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Northumbria academic has been made a fellow of the Academy of Social Sciences

29th September 2022

A researcher at Northumbria University has been made one of only 40 new fellows of the national Academy of Social Sciences.

 

The accolade is conferred upon the most outstanding social scientists from around the UK each year, and Professor of Criminology, Dr Tanya Wyatt will this autumn join an elite group of distinguished individuals representing the full spectrum of the social sciences across academia, the public sector, business, and the area of Voluntary, Community and Social Enterprise (VCSE).

 

Will Hutton FAcSS, President of the Academy of Social Sciences, which exists to promote understanding of our contemporary human world, said: “Our newly-elected fellows are highly accomplished individuals recognised for excellence in their fields and their wider contributions to the social sciences for public benefit.

“This autumn’s cohort represents a great balance of practitioners and academics. Many are making exceptional efforts to tackle the urgent issues currently facing the UK in areas such as the economy, communities, the environment, places, and beyond.”

Dr Wyatt, who specialises in green criminology with a particular expertise in wildlife crime and trafficking, non-human animal abuse and welfare, said: “This emerging sub-discipline of criminology is a specialism that really advocates for environment and species justice, which was historically an overlooked area, so to have its value recognised on the international stage in this way is very meaningful to me.”

Caption: Dr Tanya Wyatt.

Nominated by Northumbria’s Professor of Public Policy Irene Hardill, who is herself an academy fellow, Dr Wyatt grew up in Oregon, USA, where she developed an initial environmental sensibility before studying biology at Mills College, an historic women’s college, now part of Northeastern University in California.

She continued: “This foundation in natural science gave me a great understanding of our eco-systems, but my academic journey has been somewhat untraditional.”

Dr Wyatt became a US police officer upon graduating and following that served in Ukraine as a US Peace Corps volunteer, where when working on a project for women’s advocacy and the prevention of human trafficking, it occurred to her that non-human species are also commodified, but the crime has a much lower profile.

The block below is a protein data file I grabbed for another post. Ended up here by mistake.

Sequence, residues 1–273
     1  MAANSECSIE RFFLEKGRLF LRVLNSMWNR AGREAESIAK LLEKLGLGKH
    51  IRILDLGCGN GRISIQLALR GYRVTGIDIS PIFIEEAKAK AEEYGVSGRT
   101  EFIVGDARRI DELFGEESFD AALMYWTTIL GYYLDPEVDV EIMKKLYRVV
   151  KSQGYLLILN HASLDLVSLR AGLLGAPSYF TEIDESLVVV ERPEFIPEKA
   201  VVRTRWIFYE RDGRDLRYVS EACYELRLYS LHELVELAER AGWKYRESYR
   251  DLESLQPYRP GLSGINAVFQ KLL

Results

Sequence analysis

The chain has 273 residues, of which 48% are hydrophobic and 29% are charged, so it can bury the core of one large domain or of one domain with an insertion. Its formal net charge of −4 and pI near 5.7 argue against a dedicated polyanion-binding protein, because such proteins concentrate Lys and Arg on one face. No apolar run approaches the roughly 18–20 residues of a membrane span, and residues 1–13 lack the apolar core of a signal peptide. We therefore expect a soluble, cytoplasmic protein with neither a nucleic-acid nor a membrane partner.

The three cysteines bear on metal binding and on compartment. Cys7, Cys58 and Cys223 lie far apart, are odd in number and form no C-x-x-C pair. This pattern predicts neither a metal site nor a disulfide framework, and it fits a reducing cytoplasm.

This realisation led Dr Wyatt to the completion of her PhD in Kent before returning to the USA, where in 2010 she came across an advertised position to join the faculty at Northumbria.

She said: “Northumbria University is a world-leader in helping green criminology towards becoming established on most criminology degree curriculums and I’m very happy to have been able to be part of that.”

Academy Fellows are selected, following independent and robust peer review by an official nominations committee, on the basis of their substantial contributions to policy and practice, and for going above and beyond the normal requirements of their roles. Dr Wyatt’s nomination was seconded by renowned sociologist Professor Nigel South, who before his recent retirement was based at the University of Essex and was one of the fathers of green criminology.

Dr Wyatt added: “It’s an honour to be not only recognised by my close colleagues but also to gain recognition for my field on a national stage. It isn’t often you see a North East based fellowship awarded, so it is my privilege to give green criminology, and Northumbria, a larger international footprint. I look forward to working with my academy colleagues to support more people to become fellows going forward.”

At the end of October, Dr Wyatt will take up a role at the United Nations Office on Drugs and Crime, leading the first ever global report on crimes affecting the environment.

The Department of Social Sciences at Northumbria University offers courses at undergraduate and postgraduate level in our subject fields of Criminology, International Relations and Politics, Sociology and Professional Policing. Find out more here.
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